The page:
Freeze Could Spell Disaster For Arkansas Peach Grower

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(St. Francis County, AR) Tuesday night's temperature is critical for peach growers in eastern Arkansas along Crowley's Ridge.

With temperatures expected to drop below freezing, fragile peach blossoms could be damaged or the entire crop destroyed.

There are only a few peach orchards still operating in St. Francis County, and a
freeze could mean disaster for peach grower Kenneth Nichols.

"There's nothing I can do about it. You know I'll worry, you can't help but worry," said Nichols.

After 25 years of growing peaches in St. Francis County, Nichols knows one thing: the weather can be your best friend or your worst enemy.

"Cold, frost, hail, too much rain, not enough rain It's always the weather," said Nichols.

Nichols has 700 peach trees on Crowley's Ridge and is worried an overnight freeze Tuesday could ruin this year's crop.

He'd like for the wind to keep blowing like it did all day Tuesday and for temperatures to stay mild.

That's not what's forecast, however.

"And it gets 30, 29 degrees and we get a pretty good frost, then we'll have some damage. If the wind will blow and it will stay above 30 degrees, then we'll be alright," said Nichols.

Right now his "babies" are in the most fragile part of their growing process.

Some peaches are still in the bloom, giving them a little protection from the cold.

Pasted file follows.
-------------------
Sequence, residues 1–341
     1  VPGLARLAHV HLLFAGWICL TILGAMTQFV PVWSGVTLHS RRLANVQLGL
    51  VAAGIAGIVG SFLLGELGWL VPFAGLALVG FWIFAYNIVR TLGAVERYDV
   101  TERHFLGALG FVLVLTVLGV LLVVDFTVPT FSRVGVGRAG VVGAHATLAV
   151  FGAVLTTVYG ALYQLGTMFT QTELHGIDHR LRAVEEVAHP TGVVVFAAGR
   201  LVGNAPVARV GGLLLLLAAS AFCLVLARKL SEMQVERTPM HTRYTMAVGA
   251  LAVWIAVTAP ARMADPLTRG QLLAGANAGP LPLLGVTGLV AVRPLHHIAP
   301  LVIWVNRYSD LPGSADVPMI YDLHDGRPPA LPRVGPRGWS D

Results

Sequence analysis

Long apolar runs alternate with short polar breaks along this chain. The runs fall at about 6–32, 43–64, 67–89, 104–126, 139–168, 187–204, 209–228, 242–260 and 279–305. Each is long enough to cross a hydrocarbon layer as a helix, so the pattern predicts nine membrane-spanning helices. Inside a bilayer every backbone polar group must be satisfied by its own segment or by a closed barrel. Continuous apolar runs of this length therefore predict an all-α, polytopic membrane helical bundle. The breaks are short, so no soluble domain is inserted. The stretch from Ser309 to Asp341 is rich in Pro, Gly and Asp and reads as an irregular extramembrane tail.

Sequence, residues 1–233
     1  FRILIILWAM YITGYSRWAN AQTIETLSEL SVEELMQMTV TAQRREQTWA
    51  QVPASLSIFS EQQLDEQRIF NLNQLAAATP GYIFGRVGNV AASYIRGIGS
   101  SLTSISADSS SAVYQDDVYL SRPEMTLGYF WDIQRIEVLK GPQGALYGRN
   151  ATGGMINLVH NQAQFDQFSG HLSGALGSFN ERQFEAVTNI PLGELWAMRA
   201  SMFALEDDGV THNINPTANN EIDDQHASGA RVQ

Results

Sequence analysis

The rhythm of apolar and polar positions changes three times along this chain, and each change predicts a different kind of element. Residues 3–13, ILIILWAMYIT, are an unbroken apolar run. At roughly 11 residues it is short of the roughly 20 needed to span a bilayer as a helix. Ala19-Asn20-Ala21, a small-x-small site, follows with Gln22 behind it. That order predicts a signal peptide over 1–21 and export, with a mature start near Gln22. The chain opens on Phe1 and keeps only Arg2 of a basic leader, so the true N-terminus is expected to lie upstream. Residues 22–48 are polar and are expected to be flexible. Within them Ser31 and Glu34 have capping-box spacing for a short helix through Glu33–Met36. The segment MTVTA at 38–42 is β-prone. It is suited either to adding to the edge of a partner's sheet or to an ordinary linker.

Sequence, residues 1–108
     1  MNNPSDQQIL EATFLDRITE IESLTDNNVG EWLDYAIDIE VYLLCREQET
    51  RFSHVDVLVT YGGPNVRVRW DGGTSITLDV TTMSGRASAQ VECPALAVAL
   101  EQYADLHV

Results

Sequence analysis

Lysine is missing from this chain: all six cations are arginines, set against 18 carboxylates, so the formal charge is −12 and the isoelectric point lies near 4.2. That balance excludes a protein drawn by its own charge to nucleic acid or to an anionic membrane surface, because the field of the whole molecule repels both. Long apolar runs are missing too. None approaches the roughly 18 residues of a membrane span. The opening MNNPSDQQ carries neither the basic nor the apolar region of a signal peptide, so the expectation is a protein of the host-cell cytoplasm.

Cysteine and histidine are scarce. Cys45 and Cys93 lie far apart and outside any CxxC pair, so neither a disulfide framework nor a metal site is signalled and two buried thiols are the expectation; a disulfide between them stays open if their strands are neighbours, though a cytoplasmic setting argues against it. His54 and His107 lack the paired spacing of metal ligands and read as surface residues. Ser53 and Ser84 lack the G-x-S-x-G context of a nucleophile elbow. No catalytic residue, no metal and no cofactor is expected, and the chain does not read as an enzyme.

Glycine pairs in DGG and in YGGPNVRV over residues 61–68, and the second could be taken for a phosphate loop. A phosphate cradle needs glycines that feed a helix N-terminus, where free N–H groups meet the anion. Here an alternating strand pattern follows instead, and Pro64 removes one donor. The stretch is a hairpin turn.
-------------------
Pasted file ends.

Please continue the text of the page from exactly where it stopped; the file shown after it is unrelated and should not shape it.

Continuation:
But as Nichols showed us, others have found freedom.

"This is the peach here. It's split the shuck, it's out of the bloom, ready to start growing," said Nichols.

And if the tiny peaches make it through a cold night on Crowley's Ridge, they'll grow and be ready for harvest in a few months.

Kenneth Nichols hopes to get three bushels from each of his trees, weather permitting.

"You know, whatever happens I'll get up in the morning and look. That's all you can do," said Nichols.

He's hoping some of his peaches will survive a freeze, but knows it's out of his hands for now.

"We just have to pray...and God's going to do what He's going to do," said Nichols.

Nichols says he doesn't use warming fires in his orchard, because usually only one side of the peach tree gets any heat and the other side freezes.

We'll check with Nichols Wednesday to see if his peach crop survived the cold.